Prevention of STDS involves educating patients about delaying sexual activity, limiting the number of sexual partners, and the use of condoms. For some STDs, immu-nizations are available to reduce or prevent transmission, including human papillomavirus (HPV) and hepatitis B.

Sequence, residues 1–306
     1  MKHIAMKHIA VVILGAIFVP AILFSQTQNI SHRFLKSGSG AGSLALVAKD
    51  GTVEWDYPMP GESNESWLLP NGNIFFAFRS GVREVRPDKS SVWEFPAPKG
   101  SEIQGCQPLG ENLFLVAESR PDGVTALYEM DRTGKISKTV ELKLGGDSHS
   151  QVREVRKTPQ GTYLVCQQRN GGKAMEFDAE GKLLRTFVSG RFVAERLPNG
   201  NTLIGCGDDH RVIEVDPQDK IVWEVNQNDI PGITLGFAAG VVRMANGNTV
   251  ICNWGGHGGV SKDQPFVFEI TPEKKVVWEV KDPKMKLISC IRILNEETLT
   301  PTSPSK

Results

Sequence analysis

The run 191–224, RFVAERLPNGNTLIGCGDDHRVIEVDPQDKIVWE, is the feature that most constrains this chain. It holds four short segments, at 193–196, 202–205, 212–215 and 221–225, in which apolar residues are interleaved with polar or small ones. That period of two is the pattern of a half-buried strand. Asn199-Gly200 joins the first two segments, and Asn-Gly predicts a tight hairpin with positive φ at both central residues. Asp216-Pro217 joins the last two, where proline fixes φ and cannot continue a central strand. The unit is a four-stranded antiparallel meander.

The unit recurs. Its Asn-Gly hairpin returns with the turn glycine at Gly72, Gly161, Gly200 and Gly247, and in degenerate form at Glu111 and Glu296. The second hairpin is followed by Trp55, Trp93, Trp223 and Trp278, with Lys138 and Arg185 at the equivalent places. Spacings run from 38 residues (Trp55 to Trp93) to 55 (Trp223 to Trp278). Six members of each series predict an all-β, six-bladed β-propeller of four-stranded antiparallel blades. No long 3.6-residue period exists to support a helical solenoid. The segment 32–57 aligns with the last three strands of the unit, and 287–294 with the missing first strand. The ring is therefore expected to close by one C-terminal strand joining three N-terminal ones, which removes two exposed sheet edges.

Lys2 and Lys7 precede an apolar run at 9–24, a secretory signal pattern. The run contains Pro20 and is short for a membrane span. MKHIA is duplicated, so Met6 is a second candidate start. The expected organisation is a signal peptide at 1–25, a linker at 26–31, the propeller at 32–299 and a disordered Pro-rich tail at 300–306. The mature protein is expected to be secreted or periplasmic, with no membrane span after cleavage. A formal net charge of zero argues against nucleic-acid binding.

Patient notification is an important part of prevention. When an STD is diagnosed, the patient’s sexual partner(s) should also be evaluated. In the United States, cases of gon-orrhea, chlamydial infection, and syphilis must be reported to local health departments. Treatment of male sexual part-ners is important in the prevention of reinfection with cer-tain STDs. Inexpedited partner therapy,a patient’s sexualpartner receives drug therapy for an STD without undergoing physical evaluation or testing. Although in most cases thisform of therapy does not result in adverse reactions, it can pose a significant risk. Sexual partners should always be encouraged to seek medical evaluation on their own. In some states, expedited partner therapy is prohibited or restricted; therefore, it is important for the clinical staff to be familiar with all local laws and regulations.